DesignStudio sheds light on Eurostar “north star” rebrand

The brand will feature a new graphic device called the Spark, which animates to guide travellers through their destinations.

DesignStudio has rebranded Eurostar following its merger with French-Belgian high-speed train operator Thalys, with a new bespoke wordmark, icon and graphic spark device.

Following its initial integration in May 2022, Eurostar and Thalys will become a single consumer brand by the end of 2023. The brief for the project detailed that the identity must “respect the heritage of both brands” and help them to achieve their goal of carrying 30 million passengers a year, according to DesignStudio.

According to DesignStudio’s creative director Julien Queyrane, one of the most important considerations was ensuring the new Eurostar Group brand “captured the DNA of both Eurostar and Thalys”. Following workshops with both of the brands’ stakeholders to better understand their near 30-year heritage, DesignStudio were able to decide “what needed to remain, and what could evolve for the future”, he says.

While the merger will see Eurostar retain its name, its wordmark and symbol have been completely overhauled, bringing back the star symbol to the brand, which was dropped in 2011 following a rebrand by Someone studio. DesignStudio design director David Maloney says the brand’s “visual shorthand” symbol combines the Eurostar E and a six-pointed star together, appearing as part of the whole lockup on the train livery and website header, as well as in isolation across Eurostar communications.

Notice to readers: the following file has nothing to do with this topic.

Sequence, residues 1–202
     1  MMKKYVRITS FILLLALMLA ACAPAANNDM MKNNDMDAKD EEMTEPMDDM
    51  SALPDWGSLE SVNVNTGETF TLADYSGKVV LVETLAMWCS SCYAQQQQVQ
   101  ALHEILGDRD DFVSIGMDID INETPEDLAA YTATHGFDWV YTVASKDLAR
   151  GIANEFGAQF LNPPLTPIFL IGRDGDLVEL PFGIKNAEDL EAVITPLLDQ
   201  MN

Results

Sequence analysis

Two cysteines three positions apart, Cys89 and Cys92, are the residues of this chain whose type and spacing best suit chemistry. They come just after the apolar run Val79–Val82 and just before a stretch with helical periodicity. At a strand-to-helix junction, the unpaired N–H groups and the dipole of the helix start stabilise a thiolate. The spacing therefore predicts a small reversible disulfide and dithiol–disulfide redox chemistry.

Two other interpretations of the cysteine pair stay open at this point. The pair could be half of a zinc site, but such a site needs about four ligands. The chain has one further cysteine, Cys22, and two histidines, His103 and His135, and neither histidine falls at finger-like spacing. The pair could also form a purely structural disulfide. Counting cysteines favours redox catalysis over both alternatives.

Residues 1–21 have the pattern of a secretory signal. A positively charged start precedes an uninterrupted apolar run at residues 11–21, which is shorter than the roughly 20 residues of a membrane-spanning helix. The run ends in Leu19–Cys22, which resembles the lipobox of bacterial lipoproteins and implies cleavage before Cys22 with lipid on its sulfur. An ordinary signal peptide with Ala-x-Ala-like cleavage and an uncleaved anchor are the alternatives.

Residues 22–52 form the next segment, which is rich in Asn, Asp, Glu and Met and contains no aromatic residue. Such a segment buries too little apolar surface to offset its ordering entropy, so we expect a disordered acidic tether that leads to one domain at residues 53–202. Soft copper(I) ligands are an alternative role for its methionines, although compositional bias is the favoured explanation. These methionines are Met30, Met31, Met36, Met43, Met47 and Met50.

The use of lowercase italic letter forms in the new bespoke wordmark harks back to the original 1994 version, according to DesignStudio, which collaborated with art director and designer Leo Field and typeface designer Luke Prowse.

A brand-new graphic device called The Spark was created by DesignStudio, which Maloney describes as “the literal and metaphorical north star” of the brand. It is present in the brands motion graphics – “rotating, extruding and dropping into locations” – and was designed to navigate travellers through the brand experience and their destination, from the website and apps to social media.

Queyrane says: “The old Eurostar identity was 3D but it couldn’t be applied digitally because it had been flattened. Therefore, modernising the brand to create impact across digital platforms was a crucial part of the brief.”

DesignStudio partnered with seven illustrators for the project: Jean Leblanc, Avalon Nuovo, Jordan Robertson, Alice Des, Fagostudio, Vanessa Van Meerhaeghe and Matt Saunders.

The seven creatives work across Eurostar Group’s five member countries: UK, France, Belgium, Germany and the Netherlands. The suite of illustrations seeks to “capture the unique feeling and energy of each destination”, Maloney explains.

The theme of discovery is explored through Eurostar’s new photography, which was art directed by DesignStudio alongside photographer John Adrian.

A new colourway has been introduced, led by a primary colour palette which comprises “a punchy blue and deep navy”, says Design Studio. It is supported by six secondary colours inspired by the diversity of Europe, including a red and dark red “inspired by Thalys”, says Queyrane.

DesignStudio opted for La Pontaise – a typeface with high contrast characters – to give the brand “a distinct elegant feel”. The supporting typeface, ABC social, is a smooth sans serif body font with subtle similarities to La Pontaise.

The identity has been incorporated into the interior of Eurostar’s premium lounge

Eurostar’s new identity will roll out across all physical and digital assets at the end of 2023.

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